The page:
WASHINGTON — The Pentagon shifted $146.9 billion over six years from its wartime accounts to pay for routine operations, and its accounting systems don't know the difference between the two, according to a new report from the Government Accountability Office.
In a study released Aug. 16, the GAO detailed a practice that some in the US Congress have said is inappropriate. Between 2009 and 2015, the Defense Department spent funds meant for the Overseas Contingency Operations (OCO) account to augment the base budget Operations and Maintenance (O&M) at the rate of 5.6 percent more per year than Congress allotted.
The Defense Department is not required to separately track O&M in its base and war budgets, which effectively lowers the wall around money intended to pay for the Iraq and Afghan wars. However, the GAO's report called for the Pentagon to end that — a recommendation the Pentagon disputed, saying in an official response included in the report that separating the accounts would be "very difficult and labor intensive."
The lines between OCO and base budget needs have long been blurry, particularly as Congress and successive presidential administrations have used OCO, which is exempt from statutory budget caps, as a means to pay for some of the military's day-to-day needs and skirt those caps.
The report comes amid Congressional negotiations on a 2017 defense authorization bill where OCO is a controversial issue. The House-approved plan is to stick to budget levels agreed to in 2015 bipartisan budget deal but use $18 billion from OCO to pay for base budget items — expecting the incoming president to ask Congress for a supplemental defense spending package.
As lawmakers have argued for an end to the caps and increased military funding, they included language in the 2016 defense authorization bill requiring the GAO study. The Senate Appropriations Committee similarly expressed similar concerns on this issue in the 2015 Defense appropriations bill, according to a committee spokesman.
Todd Harrison, director of defense budget analysis at the Center for Strategic and International Studies and a critic of the blurring of OCO and base funding, estimated that the Pentagon has been using $25 billion to $30 billion in OCO every year to supplement its base budget.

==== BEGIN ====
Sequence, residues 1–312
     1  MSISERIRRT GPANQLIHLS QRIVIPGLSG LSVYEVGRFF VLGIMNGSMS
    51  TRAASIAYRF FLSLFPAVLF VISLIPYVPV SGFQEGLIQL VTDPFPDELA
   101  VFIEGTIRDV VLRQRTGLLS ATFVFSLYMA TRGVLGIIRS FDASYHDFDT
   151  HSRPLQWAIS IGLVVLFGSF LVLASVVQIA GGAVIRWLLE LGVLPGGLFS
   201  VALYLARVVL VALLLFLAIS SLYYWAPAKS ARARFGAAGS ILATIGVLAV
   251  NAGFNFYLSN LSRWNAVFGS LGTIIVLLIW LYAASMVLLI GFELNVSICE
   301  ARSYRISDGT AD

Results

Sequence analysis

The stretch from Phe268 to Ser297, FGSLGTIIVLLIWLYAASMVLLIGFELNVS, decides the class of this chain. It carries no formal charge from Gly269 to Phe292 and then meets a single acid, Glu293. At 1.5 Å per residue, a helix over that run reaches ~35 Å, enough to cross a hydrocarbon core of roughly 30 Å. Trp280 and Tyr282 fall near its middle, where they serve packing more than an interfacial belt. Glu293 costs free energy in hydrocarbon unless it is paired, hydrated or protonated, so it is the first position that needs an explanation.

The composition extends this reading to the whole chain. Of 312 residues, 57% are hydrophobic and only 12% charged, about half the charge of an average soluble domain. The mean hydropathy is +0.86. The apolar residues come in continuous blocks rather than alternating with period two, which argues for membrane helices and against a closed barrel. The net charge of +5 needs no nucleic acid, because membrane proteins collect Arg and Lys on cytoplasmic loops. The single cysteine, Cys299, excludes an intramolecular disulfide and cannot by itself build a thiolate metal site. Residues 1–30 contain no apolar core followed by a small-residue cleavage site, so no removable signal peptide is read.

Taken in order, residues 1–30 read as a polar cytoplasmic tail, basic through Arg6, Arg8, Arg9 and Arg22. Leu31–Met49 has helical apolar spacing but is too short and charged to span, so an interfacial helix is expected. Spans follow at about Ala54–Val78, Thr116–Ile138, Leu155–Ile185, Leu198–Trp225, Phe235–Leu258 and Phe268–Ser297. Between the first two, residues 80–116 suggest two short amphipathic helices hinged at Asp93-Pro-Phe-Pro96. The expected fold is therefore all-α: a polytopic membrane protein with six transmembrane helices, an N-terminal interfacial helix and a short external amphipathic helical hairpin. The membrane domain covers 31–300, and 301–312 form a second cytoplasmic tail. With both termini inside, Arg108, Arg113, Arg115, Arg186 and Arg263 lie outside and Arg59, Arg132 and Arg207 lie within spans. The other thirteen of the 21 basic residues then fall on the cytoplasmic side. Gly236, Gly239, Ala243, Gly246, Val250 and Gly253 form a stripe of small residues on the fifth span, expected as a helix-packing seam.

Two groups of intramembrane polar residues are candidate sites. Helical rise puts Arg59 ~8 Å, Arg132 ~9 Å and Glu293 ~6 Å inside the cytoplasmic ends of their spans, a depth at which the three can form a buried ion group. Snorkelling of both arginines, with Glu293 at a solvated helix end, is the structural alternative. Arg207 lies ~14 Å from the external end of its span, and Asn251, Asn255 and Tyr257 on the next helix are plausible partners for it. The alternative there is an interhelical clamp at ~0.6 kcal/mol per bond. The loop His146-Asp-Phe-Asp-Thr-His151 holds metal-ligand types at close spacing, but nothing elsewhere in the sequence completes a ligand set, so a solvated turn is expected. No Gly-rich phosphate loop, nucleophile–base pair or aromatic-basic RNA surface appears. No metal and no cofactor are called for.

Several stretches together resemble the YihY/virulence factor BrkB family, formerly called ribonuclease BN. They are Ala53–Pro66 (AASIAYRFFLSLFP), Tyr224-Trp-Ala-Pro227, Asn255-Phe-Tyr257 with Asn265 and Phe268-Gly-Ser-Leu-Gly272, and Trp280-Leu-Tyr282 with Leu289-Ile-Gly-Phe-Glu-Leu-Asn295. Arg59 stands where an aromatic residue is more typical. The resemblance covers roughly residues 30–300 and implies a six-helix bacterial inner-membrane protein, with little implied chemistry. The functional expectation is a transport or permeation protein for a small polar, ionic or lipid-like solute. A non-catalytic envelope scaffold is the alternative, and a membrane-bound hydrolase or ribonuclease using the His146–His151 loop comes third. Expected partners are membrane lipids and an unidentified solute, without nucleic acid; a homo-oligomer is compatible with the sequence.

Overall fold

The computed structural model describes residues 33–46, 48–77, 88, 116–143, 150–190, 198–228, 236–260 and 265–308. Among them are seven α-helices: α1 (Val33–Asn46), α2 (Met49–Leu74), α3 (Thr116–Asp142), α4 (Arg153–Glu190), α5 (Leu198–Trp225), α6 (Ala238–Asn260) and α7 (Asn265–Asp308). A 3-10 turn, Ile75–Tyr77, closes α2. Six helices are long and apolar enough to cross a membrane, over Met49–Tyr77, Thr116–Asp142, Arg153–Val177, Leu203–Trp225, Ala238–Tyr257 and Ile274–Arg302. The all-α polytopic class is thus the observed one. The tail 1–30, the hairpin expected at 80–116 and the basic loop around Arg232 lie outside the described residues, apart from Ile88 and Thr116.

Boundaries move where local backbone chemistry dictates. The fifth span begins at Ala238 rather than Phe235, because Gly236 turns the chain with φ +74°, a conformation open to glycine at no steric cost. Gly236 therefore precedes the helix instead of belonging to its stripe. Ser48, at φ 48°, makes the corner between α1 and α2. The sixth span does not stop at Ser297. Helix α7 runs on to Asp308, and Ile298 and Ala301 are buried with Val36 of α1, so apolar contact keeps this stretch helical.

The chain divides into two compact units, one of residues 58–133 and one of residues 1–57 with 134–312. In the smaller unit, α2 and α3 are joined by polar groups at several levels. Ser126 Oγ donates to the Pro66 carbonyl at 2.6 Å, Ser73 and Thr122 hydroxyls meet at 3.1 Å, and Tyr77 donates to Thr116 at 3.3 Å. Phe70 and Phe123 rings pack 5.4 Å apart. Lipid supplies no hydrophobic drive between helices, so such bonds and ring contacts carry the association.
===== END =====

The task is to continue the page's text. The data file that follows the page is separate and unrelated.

Harrison said he has shown this through indirect evidence, such as trends in the cost per troop in Afghanistan, "but without the kind of detailed reporting the GAO is calling for it is not possible to produce direct evidence," he wrote in an email.
"This is one of the main ways they are able to do that without getting caught," Harrison said. "Once Congress appropriates base and OCO funding, the money is mixed together in the same accounts and DoD does not track it separately. If they did, it would be readily apparent that they are using OCO funding (specifically, funding that was requested and appropriated for activities in Afghanistan) for base budget purposes."
Former Defense Department Comptroller Bob Hale agreed that in most cases it would be beneficial to split out O&M by base and OCO, but the process of integrating the information into meaningful reports would "require manual efforts that are labor intensive," as the armed services use different financial systems.
The process of splitting the costs in detail for the Pentagon's budget justification to Congress, would "involve hundreds, probably thousands, of sub categories," Hale, now a BoozAllen fellow, said in an email. It's a hardship particularly as the Pentagon endures Congressionally mandated personnel cuts within their various headquarters.
"Bottom line: I don't think DoD is trying to hide information. I do think they are trying to avoid a significant new workload," Hale said.
Hale also noted that Congress's actions may also ultimately hinder greater transparency.
"I would note that Congress keeps putting some base funds into OCO; so even a detailed base/OCO split would not reveal all base funding," Hale said. "But the amounts of base funding in OCO are relatively small. So the split would still be useful."
Joe Gould was the senior Pentagon reporter for Defense News, covering the intersection of national security policy, politics and the defense industry. He had previously served as Congress reporter.